Respirators, disinfectants, masks, ventilators, patient monitors. These are just some of the items the Hungarian government secured through this loan. “Nearly the entire loan went to medical equipment and supplies required for the day to day operation of health centres during a pandemic,” Szabo says.

The newly purchased medical equipment was distributed throughout Hungary.

Simple solutions for COVID-19 in Czech hospital project

The Hungarian crisis response is one of many COVID-19-related projects the EIB supported in the past year. The number of healthcare projects at the Bank tripled, compared to the previous year. The Bank’s 2020 health sector projects, however, were not solely focused on emergency response. Despite the unprecedented circumstances, we didn’t forget about our long-term healthcare infrastructure goals.

The coronavirus crisis has stretched local health services to their limits. The pandemic has also exposed their vulnerabilities and lack of preparedness. Inadequacies at older hospitals have been put under the spotlight, pushing local governments to address them.

This is why the EIB is supporting the Central Bohemian Region in the Czech Republic with a €48 million loan to improve its emergency preparedness and modernise its healthcare, transport, social care and education infrastructure.

More than half the money will go to the refurbishment and modernisation of five hospitals in the region, as well as the Central Bohemia ambulance service. The investment will result in almost 1.4 million people in the region having better access to improved health services. “The programme will enable these medical facilities to become more efficient, increase the quality of their services and contribute to energy efficiency and emergency preparedness,” says Szabo.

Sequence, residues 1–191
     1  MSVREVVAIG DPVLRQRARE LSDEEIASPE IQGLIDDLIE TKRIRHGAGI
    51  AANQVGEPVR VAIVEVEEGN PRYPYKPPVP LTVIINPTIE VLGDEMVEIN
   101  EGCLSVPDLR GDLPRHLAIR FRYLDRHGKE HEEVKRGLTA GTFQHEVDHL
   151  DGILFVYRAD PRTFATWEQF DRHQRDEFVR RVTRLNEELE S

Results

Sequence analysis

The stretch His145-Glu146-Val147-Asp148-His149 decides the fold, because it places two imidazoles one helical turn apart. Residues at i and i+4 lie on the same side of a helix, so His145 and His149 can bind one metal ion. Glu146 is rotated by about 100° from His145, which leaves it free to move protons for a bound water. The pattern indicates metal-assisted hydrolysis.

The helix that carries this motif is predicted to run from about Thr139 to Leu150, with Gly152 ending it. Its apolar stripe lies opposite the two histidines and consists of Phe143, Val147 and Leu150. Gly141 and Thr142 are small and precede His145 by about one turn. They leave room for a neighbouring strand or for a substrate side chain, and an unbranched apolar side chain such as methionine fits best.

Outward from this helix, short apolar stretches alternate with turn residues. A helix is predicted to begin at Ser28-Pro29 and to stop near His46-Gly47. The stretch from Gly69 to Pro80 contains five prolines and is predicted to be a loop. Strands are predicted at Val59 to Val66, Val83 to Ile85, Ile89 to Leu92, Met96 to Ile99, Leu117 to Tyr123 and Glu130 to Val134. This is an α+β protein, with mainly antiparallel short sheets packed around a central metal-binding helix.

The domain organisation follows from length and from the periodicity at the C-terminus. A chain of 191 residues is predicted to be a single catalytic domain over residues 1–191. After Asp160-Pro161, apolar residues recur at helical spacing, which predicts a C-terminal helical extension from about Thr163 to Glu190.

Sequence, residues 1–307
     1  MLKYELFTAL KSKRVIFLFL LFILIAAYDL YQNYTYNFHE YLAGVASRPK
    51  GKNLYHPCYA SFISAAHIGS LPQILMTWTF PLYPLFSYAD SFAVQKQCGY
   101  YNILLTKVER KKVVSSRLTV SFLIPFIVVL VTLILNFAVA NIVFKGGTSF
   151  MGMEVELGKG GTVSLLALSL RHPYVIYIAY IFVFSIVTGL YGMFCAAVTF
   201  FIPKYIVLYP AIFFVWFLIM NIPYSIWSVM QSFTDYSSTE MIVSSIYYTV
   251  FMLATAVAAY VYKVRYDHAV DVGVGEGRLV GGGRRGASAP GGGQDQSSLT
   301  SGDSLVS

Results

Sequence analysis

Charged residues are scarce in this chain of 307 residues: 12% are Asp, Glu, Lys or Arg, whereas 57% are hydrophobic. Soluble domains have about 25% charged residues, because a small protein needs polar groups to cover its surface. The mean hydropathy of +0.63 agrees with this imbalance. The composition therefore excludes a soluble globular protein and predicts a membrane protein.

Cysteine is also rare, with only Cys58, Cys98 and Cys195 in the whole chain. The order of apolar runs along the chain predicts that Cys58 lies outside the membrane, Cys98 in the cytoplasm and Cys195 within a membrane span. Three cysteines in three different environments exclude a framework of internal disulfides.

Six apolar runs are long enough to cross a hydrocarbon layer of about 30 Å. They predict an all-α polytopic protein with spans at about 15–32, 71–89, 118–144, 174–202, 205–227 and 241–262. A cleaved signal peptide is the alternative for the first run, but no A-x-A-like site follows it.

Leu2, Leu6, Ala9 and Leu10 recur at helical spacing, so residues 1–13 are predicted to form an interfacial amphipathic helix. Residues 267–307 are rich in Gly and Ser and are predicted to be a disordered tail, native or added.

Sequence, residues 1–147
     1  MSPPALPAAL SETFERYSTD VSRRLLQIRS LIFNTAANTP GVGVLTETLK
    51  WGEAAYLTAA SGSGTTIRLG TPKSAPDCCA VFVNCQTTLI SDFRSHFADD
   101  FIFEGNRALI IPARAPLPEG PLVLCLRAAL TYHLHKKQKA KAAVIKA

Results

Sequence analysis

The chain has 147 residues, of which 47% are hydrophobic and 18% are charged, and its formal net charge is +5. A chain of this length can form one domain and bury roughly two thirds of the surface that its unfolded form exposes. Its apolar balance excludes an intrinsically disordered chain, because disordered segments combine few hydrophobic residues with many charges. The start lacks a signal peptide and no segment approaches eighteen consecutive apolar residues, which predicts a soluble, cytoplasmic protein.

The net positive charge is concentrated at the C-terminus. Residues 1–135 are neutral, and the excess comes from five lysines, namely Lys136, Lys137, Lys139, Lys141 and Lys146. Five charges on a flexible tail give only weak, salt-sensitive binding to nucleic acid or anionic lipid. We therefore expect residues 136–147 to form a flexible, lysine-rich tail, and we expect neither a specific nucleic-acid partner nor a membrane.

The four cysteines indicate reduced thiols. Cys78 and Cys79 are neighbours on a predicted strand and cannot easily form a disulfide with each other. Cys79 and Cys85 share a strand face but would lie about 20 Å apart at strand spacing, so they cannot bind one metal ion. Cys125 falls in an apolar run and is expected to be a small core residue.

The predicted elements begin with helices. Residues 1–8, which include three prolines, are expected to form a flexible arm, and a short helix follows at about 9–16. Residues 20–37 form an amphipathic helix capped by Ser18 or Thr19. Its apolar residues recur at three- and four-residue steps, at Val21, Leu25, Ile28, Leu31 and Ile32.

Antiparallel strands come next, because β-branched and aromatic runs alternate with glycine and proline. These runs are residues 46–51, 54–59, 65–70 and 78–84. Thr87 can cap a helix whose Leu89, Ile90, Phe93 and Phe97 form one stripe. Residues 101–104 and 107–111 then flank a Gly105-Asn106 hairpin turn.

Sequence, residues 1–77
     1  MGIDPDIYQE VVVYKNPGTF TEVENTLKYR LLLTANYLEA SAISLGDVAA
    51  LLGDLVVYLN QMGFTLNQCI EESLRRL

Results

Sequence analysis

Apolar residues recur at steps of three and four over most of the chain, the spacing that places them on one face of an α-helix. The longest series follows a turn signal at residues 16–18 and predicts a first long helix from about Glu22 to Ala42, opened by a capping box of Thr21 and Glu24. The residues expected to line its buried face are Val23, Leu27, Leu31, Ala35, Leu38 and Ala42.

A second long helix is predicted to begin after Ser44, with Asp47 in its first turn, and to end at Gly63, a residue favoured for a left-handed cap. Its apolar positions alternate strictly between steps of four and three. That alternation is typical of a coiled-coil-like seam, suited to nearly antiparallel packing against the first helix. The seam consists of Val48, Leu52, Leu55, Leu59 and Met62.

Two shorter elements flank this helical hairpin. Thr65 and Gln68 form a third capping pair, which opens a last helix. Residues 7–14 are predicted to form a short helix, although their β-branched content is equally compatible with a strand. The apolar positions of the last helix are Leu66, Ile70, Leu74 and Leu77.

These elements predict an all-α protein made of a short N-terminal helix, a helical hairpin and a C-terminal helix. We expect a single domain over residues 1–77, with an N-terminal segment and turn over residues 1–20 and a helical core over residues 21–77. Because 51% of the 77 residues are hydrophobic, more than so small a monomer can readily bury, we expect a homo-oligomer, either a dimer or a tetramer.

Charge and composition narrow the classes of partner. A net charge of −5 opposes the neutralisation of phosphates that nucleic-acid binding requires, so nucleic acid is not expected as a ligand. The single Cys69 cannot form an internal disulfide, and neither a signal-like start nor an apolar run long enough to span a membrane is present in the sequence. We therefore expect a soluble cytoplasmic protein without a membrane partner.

It’s not about increasing the number of hospital beds. Rather, it is about increasing the resilience of our hospitals.

The best time to prevent the next pandemic

“The way to deal with a pandemic is to improve our existing health facilities,” Szabo explains. “It’s not about increasing the number of hospital beds. Rather, it is about increasing the resilience of our hospitals.” This can be done with simple solutions such as improving ventilation systems to reduce hospital-acquired infections, and that’s one of the changes made in the Czech Republic hospitals.

“It is also about rethinking our healthcare system,” Szabo points out. “We need to increase the number of chronic care centres. Chronic care should not be provided in acute hospitals, because it is the most resource-consuming form of care. Purpose-built chronic care facilities are much more efficient and are easier to adapt for infection control.”

The coronavirus pandemic has forced us to speed up these developments – to rethink our hospitals and evaluate how prepared we actually are. As we have all come to understand this year, the best time to prevent the next pandemic is now.